In 1415 an ability to assert himself was what King Sigismund needed above all. Elected in 1411, he was forty-seven and had already lived an eventful and precarious life, typical of the random and obscure nature of events in medieval Germany. As an emperor’s son, he was born to the purple, and had connections enough to achieve it. Husband to the queen of Poland, half-brother to the king of Germany, who was also king of Bohemia and brother-in-law to the queen of Poland – his wife’s sister, as it happened – he had high hopes of having himself made emperor and restoring the glory that had been Charlemagne’s. As a good Christian, he had tried crusading against the Turks and had been lucky to escape with his life. Trying to get his hands on Bohemia, he had arrested his half-brother, been arrested in return, warred against Naples, and had been voted in as German king only because his main rival had died after three months on the throne. So there he was, eager to find a measure of stability in his battered middle age, and to do his best for Christendom, and thus qualify for a papal coronation. Thanks to him, 29 cardinals, 33 archbishops, 150 bishops and their 70,000 courtiers, servants and assistants were at this moment in council in Constance, arguing about how best to overcome the scandal of the Great Schism. Naturally, Sigismund was keen to explore any further way to buttress his authority, and so turned his gaze on unruly Mainz.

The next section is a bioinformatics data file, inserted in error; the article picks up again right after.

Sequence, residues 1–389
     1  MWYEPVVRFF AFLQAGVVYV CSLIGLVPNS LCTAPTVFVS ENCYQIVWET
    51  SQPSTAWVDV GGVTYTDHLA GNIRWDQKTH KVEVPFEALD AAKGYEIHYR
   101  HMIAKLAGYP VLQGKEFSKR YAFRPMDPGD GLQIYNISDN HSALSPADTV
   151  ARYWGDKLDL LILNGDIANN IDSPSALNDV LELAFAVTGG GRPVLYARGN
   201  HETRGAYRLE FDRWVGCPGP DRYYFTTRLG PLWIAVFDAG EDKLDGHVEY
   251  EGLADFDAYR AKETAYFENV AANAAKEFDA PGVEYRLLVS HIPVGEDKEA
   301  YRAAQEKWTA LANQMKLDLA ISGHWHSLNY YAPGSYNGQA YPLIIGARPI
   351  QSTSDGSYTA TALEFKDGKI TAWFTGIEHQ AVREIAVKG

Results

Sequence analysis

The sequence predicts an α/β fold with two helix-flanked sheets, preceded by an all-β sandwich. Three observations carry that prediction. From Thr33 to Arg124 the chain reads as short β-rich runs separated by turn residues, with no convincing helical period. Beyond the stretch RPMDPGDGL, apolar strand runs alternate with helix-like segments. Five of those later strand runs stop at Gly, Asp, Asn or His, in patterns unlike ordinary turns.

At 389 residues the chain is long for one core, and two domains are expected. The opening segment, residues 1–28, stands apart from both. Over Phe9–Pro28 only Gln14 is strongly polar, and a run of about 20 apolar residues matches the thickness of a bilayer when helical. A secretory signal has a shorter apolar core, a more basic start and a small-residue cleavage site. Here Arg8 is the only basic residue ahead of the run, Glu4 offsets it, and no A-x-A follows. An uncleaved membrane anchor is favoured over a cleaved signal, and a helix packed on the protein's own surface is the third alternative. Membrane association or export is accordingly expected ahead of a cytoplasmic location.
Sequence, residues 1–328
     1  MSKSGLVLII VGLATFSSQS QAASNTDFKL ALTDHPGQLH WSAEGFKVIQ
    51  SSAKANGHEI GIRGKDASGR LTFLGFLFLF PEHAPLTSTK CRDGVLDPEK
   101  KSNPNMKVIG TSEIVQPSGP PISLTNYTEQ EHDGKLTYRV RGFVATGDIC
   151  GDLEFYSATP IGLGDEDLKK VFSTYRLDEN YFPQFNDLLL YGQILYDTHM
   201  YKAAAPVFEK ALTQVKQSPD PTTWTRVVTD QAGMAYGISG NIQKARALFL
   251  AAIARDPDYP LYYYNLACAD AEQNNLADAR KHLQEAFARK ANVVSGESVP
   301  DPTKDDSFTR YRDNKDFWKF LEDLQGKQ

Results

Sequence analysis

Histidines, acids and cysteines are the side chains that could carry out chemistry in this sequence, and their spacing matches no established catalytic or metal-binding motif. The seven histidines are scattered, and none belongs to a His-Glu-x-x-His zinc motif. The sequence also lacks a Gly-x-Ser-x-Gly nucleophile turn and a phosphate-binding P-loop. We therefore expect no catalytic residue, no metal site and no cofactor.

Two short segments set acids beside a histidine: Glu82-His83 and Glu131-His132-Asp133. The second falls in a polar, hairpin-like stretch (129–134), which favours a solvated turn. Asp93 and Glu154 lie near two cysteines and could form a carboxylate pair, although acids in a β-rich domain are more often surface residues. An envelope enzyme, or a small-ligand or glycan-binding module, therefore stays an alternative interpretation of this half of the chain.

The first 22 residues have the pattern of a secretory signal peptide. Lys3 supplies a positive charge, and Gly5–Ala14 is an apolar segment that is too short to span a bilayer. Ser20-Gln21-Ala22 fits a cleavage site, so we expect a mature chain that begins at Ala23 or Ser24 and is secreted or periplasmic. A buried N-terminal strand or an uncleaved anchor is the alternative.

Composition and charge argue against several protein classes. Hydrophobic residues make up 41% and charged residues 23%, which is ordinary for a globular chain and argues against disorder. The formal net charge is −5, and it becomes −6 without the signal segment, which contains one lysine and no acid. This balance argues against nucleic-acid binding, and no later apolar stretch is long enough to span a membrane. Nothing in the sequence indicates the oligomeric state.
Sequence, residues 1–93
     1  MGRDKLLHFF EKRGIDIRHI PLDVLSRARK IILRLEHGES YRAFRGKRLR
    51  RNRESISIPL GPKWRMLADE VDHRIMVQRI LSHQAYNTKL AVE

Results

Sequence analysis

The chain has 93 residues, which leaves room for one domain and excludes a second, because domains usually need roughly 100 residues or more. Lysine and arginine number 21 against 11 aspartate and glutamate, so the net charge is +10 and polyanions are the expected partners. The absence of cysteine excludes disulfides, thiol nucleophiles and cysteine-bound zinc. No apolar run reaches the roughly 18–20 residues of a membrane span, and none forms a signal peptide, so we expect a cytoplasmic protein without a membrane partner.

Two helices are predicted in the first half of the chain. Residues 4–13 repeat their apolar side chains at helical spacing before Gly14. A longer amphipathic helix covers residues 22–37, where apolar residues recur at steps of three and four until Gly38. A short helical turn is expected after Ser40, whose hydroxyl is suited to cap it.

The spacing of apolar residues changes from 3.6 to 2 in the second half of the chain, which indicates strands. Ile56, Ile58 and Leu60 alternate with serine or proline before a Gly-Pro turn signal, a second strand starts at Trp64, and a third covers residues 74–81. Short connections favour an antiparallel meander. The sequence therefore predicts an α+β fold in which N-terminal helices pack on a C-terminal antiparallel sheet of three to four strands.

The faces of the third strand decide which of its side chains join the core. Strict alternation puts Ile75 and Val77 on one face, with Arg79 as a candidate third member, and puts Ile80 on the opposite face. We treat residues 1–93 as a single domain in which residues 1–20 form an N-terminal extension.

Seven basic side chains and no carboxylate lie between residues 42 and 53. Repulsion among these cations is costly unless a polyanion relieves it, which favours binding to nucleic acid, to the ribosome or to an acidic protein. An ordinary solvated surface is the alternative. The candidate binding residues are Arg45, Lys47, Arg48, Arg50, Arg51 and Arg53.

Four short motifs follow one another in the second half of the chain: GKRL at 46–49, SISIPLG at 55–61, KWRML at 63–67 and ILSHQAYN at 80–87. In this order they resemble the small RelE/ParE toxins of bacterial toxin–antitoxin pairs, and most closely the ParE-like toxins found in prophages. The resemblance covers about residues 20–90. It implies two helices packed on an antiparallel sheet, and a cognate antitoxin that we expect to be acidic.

Mainz, dominating the river-road of the Rhine, lay at the heart of the electoral system. The archbishop of Mainz was an elector, ruling the greatest of the Empire’s ten Church-run provinces. It was he who administered the royal coronation oath, which made him a German equivalent of the archbishop of Canterbury. But his status was peculiar to German lands. He was both archbishop, with thirteen bishops under him, and a prince with the power to raise both taxes and armies at will – in theory. In practice, it wasn’t that easy, because he had a disputatious flock of patricians and guildsmen, each wanting their say in running the town. It was this dispute that gave Sigismund an excuse to intervene, with an agenda that suited his own purposes both as king and as a Luxemburger. The current archbishop/prince, Johannes of Nassau, had voted against him in the election for king the previous year. He needed to sideline the archbishop by backing the town’s council.